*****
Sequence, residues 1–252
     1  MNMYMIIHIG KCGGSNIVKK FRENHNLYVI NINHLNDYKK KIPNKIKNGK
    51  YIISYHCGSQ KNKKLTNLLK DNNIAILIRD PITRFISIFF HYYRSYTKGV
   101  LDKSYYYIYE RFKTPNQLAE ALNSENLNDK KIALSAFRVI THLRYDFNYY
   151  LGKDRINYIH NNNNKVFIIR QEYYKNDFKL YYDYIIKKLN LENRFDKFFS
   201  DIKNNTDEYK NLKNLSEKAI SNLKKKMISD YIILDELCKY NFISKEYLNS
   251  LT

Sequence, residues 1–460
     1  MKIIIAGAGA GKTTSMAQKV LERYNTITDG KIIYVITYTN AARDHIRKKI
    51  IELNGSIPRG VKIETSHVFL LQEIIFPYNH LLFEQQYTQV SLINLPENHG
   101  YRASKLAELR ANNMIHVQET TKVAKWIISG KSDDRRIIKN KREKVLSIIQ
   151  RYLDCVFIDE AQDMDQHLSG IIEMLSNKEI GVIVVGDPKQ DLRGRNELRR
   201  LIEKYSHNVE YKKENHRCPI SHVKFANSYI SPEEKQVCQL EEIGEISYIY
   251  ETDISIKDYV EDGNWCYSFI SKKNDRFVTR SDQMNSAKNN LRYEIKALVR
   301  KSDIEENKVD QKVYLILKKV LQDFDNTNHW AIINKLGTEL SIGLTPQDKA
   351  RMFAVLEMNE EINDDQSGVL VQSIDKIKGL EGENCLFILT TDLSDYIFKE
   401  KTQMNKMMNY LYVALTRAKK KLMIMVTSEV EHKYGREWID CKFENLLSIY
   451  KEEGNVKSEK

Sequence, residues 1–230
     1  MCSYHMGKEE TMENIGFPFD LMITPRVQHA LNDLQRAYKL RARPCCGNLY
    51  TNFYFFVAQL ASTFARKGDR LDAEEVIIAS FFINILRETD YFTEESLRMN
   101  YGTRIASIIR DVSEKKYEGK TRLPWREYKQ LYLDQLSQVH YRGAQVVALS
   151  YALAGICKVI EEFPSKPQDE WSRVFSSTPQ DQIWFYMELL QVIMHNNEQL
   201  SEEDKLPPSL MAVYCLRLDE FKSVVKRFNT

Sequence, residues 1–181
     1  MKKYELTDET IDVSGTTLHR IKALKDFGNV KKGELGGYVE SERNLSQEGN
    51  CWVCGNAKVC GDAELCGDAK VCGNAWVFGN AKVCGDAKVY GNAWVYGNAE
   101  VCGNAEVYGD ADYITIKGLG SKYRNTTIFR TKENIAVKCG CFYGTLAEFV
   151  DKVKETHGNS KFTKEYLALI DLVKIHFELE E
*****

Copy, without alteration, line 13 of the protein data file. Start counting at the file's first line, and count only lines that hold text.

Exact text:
   201  LIEKYSHNVE YKKENHRCPI SHVKFANSYI SPEEKQVCQL EEIGEISYIY